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used in Zen and the Art of Motorcycle Maintenance

4 uses
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intimidating or impressive — arousing fear or admiration due to impressiveness or challenge
  • For this eighteenth-century German philosopher he feels a respect that rises not out of agreement but out of appreciation for Kant's formidable logical fortification of his position.
    Part 2 (38% in)
  • There's no villain, no "mean guy" who wants them to live meaningless lives, it's just that the structure, the system demands it and no one is willing to take on the formidable task of changing the structure just because it is meaningless.
    Part 2 (6% in)
  • As I've said, he did in the end offer a number of solutions, but the problem was so deep and so formidable and complex that no one really understood the gravity of what he was resolving, and so failed to understand or misunderstood what he said.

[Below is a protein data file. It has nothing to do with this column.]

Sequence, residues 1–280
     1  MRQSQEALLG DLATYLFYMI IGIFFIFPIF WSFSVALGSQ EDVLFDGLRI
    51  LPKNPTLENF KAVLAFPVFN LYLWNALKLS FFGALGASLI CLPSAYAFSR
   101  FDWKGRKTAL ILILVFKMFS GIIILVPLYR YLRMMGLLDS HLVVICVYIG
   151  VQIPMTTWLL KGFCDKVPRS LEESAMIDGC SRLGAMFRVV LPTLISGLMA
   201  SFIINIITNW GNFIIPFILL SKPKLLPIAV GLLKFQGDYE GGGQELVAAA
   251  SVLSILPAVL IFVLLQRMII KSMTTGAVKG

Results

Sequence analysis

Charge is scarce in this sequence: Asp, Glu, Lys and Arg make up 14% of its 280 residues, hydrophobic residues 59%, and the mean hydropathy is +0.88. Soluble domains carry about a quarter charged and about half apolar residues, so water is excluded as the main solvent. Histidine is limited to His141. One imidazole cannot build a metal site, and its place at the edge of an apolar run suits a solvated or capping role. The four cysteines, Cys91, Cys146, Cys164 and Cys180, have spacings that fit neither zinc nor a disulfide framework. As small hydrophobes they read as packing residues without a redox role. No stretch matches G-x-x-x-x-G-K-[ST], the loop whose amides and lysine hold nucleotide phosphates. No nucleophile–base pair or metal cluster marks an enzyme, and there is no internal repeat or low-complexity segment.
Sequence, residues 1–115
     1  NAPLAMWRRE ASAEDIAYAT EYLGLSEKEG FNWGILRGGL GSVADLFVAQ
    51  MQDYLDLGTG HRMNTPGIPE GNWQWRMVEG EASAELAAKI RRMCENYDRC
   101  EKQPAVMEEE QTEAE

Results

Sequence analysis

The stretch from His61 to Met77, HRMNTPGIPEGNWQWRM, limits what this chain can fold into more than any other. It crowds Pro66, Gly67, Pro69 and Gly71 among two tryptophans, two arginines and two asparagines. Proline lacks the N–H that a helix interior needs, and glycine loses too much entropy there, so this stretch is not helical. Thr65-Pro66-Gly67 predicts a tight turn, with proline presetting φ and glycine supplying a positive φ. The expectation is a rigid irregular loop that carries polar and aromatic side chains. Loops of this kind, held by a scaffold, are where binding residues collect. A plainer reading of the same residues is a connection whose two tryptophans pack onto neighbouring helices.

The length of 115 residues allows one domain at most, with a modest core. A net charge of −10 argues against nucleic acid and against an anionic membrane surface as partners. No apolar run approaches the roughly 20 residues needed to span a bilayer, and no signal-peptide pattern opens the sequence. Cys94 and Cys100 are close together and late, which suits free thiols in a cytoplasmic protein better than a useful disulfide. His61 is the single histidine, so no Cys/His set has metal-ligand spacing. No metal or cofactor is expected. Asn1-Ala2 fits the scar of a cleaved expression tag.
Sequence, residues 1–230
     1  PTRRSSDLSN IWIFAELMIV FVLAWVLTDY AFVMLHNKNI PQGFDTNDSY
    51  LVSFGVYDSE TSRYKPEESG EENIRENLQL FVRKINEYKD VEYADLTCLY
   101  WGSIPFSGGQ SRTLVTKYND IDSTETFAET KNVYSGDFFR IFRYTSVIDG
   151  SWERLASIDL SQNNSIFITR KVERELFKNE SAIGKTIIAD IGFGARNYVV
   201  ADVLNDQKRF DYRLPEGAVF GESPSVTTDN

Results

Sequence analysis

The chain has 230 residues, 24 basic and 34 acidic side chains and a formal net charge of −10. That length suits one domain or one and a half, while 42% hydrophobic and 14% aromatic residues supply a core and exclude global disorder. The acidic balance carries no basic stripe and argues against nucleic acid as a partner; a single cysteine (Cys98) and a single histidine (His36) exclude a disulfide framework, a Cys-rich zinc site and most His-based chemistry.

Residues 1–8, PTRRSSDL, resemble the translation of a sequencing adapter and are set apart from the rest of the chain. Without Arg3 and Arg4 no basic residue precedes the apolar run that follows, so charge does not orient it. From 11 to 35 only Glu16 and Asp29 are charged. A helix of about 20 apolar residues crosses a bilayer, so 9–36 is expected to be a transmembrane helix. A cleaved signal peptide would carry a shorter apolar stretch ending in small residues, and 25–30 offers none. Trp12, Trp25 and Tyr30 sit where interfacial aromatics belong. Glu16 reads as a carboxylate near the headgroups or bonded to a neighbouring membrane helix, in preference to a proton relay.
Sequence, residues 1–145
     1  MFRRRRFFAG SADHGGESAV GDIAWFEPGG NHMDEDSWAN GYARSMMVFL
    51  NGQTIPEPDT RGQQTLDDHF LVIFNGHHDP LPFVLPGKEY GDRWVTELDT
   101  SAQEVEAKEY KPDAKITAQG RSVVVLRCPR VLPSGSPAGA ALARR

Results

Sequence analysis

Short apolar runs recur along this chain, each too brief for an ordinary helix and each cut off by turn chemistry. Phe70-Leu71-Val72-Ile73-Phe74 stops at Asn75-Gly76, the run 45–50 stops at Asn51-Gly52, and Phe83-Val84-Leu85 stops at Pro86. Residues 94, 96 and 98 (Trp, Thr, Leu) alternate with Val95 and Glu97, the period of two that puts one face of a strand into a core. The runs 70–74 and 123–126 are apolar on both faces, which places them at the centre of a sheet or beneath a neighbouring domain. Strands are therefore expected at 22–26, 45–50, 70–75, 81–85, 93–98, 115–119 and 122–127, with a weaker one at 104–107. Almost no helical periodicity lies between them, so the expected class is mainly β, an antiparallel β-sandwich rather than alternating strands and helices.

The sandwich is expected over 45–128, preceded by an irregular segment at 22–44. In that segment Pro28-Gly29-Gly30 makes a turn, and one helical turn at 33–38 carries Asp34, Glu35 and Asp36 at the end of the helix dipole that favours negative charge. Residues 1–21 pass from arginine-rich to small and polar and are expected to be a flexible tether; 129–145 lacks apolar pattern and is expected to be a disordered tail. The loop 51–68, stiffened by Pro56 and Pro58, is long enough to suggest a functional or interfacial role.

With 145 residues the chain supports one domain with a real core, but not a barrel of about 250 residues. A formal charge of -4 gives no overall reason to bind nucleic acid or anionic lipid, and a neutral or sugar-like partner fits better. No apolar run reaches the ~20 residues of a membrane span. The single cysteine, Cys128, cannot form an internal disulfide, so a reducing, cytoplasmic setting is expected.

Part 2 (23% in)
  • The more he examined this argument the more formidable it appeared.
    Part 3 (35% in)

There are no more uses of "formidable" in Zen and the Art of Motorcycle Maintenance.

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